Australian Senate Inquiry Into Loot Boxes Will Report By September 17

Australian Senate Inquiry Into Loot Boxes Will Report By September 17

Following notice of a motion submitted by the Australian Greens yesterday, the Australian Senate has supported a move to have the Environment and Communications References Committee investigate the use of loot boxes in video games.

The committee enquiry will be chaired by Greens Senator Jordon Steele-John, who gave notice of the motion yesterday. That motion noted that a paper in Nature Human Behaviour, which Kotaku reported on last week, warned that the use of loot boxes in some video games “meet the structural and psychological criteria for gambling”.

The motion, which was supplied to Kotaku, notes that the committee will report back by September 17 this year. It also outlines two particular points of concern:

The extent to which gaming micro-transactions for chance-based items, sometimes referred to as ‘loot boxes’, may be harmful, with particular reference to:

(a) whether the purchase of chance-based items, combined with the ability to monetise these items on third-party platforms, constitutes a form of gambling, and;

(b) the adequacy of the current consumer protection and regulatory framework for in-game micro transactions for chance-based items, including international comparisons, age requirements and disclosure of odds.

The Federal Government and the Labor opposition had already announced their support for the motion yesterday, with a government senator remarking that Communications Minister Mitch Fifield had already mentioned loot boxes “with a number of colleagues”.

This story is developing…


  • There is literally no difference between loot boxes and any form of trading card we played with 15 years ago. The baby-boomer-fun-police have too much power and continue to curb anything they don’t understand. It is up to the consumer to work out for themselves if they want to spend money on something that is purely cosmetic. If they spend more money than they can afford to, it’s on them as there is no financial or performance gain.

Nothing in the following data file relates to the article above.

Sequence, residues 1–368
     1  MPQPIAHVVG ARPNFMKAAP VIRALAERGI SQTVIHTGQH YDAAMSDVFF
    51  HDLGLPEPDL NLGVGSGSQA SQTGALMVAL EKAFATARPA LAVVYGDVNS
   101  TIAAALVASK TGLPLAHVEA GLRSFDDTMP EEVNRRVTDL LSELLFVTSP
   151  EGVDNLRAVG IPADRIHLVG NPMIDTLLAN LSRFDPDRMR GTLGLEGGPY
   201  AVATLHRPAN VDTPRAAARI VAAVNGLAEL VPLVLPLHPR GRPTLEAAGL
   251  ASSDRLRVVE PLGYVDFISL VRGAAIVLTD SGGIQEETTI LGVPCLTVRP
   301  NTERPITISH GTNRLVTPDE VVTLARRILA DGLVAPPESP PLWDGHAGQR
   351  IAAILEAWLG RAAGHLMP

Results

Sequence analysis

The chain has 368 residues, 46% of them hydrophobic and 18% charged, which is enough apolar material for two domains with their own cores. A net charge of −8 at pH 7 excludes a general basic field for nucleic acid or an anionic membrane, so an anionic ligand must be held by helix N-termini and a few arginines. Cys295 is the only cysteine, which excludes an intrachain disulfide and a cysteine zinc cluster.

• Ahhh obviously those thirteen year olds that believe themselves adults are able to understand the process that goes into these scams.

      Even as someone that tends to fall pretty hard into libertarian ideology, this is bad. You are essentially saying that people who are ill equipped to deal with their vices (addicts, young, old and mentally handicapped) should just deal with it. Seems pretty cold.

    • As “Greens Senator Jordon Steele-John” was born in 1994, I’m fairly sure he doesn’t count as a baby boomer.

      As for your “purely cosmetic” comment, please see Battlefront 2.

    • It is up to the consumer to work out for themselves if they want to spend money on something that is purely cosmetic

      And that’s exactly where the problem is, it’s not always only cosmetic. Sure a lot of games are turning that way, but a lot still release with Pay to win loot boxes.

      Not to mention the logic of a trading card you can literally keep for as long as you take care of it and tradable or sellable to whomever you want compared to a temporary item that is locked forever to that game and if it’s online, that games online service (which never last forever). Strap that with some having Pay to Win incentives and its not the same whatsoever.

      I mean, I have no issue with cosmetic loot boxes, would rather they not be loot boxes, but still, I enjoy them as it funds more development into the game and helps you support games you enjoy playing. But a lot of games abuse this and the games that do, do it bad. Alot of backed down after the BF2 fiasco, but nothing stops them from going back and doing it again. And when some of those games market heavily to kids (like Star Wars did), that’s a serious problem.